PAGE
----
Last September, at 16, Liam Kindree somewhat reluctantly returned to the Vancouver Northwest Giants for one more season of midget hockey.
In hindsight, it was the best plan of action for both the skilled, young forward and the Kelowna Rockets.
Kindree thrived in his final season in the B.C. Major Midget League, as the 5-foot-10, 175-pound North Vancouver native finished atop with league’s scoring race with 28 goals and 67 points in 40 games. He was also named the BCMML’s top forward.
Armed with an extra supply of confidence and an added year of maturity, Kindree is back with the Rockets and ready to launch his rookie season in the Western Hockey League.
“It’s obviously tough, you don’t ever not want to make a team, but there’s a reason they sent me back,” said Kindree, a fourth-round pick of the Rockets in the 2015 bantam draft. “It was motivation for me and a real confidence booster to do what I did last year.
“I feel a huge difference this time at camp, I’m playing with confidence, I want the puck more…I’m just really excited to be here.”
Just as the Rockets did with a 16-year-old Kole Lind three years ago, Kelowna returned Kindree to midget hockey for an extra year of seasoning.
Rockets assistant coach Kris Mallette said the benefits of the move have been evident in Kindree’s play so far in training camp.
“When we sent him back as a 16-year-old, our staff challenged him to be the best player there,” Mallette said of Kindree, who played in seven regular season games and one in the playoffs with the Rockets last season. “With the kind of year he had, he obviously took that to heart.
“He came back in much better shape, he really took last season and the summer seriously, and he really wants to be here and contribute. He’s worked hard and he’s looked really good at camp so far.”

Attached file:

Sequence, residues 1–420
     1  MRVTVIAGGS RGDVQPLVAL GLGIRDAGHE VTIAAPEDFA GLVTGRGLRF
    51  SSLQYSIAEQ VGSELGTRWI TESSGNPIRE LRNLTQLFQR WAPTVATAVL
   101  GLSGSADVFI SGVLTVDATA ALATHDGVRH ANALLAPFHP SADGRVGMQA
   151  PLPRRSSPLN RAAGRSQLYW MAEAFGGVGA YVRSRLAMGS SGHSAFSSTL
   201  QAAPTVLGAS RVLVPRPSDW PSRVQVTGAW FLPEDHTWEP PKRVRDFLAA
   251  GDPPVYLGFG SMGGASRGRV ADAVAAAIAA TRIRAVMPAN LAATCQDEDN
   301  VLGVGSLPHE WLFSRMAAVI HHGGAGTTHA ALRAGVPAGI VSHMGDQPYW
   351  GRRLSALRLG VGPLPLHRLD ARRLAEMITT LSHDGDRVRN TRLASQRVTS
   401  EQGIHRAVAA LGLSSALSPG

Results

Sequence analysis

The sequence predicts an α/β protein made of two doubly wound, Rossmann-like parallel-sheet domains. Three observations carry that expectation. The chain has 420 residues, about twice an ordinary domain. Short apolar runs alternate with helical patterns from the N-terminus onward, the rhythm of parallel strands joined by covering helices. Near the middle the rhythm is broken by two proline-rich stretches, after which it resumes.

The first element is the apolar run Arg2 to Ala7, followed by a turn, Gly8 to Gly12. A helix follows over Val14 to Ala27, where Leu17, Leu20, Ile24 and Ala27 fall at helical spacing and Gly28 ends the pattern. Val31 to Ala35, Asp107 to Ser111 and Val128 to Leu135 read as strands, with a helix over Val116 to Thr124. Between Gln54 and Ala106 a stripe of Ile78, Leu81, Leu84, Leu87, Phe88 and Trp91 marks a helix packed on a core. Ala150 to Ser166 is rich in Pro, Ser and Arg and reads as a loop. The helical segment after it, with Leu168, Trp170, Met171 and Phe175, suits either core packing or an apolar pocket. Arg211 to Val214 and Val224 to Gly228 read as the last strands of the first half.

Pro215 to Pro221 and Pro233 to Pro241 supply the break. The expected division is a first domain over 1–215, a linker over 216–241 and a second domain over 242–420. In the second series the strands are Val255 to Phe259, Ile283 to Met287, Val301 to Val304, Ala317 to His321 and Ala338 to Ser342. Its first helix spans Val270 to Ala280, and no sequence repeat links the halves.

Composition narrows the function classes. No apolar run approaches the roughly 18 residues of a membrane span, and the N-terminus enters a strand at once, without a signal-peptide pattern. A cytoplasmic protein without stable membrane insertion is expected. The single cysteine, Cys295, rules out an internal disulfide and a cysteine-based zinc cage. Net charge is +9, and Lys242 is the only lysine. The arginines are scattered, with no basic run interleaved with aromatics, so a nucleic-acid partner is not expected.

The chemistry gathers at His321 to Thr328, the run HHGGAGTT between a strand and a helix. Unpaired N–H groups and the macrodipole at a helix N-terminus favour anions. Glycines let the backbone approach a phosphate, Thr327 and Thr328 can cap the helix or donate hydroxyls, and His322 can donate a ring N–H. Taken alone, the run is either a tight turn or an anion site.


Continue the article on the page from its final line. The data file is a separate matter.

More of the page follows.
As is most often the case for young players breaking into the lineup, ice time will likely be at a premium for Kindree and opportunities will have to be earned as the season progresses.
Mallette said Kindree is in the same boat as a handful of young Rockets forwards who will be expected to learn the ropes—on and off the ice—while also exercising both patience and persistence.
“Our expectation is for him to come in and get his feet wet, learn and continually improve his game,” Mallette said. “There’s a learning curve involved and it’s about paying your dues. Our youngest guys are going to play limited roles compared to where they came from and you hope they adapt, both on and off the ice.
“(Liam) has good vision, a good hockey IQ and a real good skill set,” he added. “From what we’ve seen, he’s ready to take that step. He’s come back stronger and will be more prominent.”
For Kindree’s part, he said he’ll make the best of whatever ice time comes his way and is open to filling whatever roles the coaches ask of him.
Above all, Kindree is simply excited to be getting his major junior career off the ground.
“We’re going to be expecting not to play a lot, but I’m definitely going to use the confidence I have and try and see if I can move my way up the roster,” he said. “Most importantly, I’m happy to be here and playing hockey in Kelowna.
“It’s a beautiful city and being able to call this home for the next eight months, it’s going to be really special.”
Kindree and his Rockets teammates will open the WHL preseason schedule Saturday night at Prospera Place against the Victoria Royals. Face off is 7 p.m.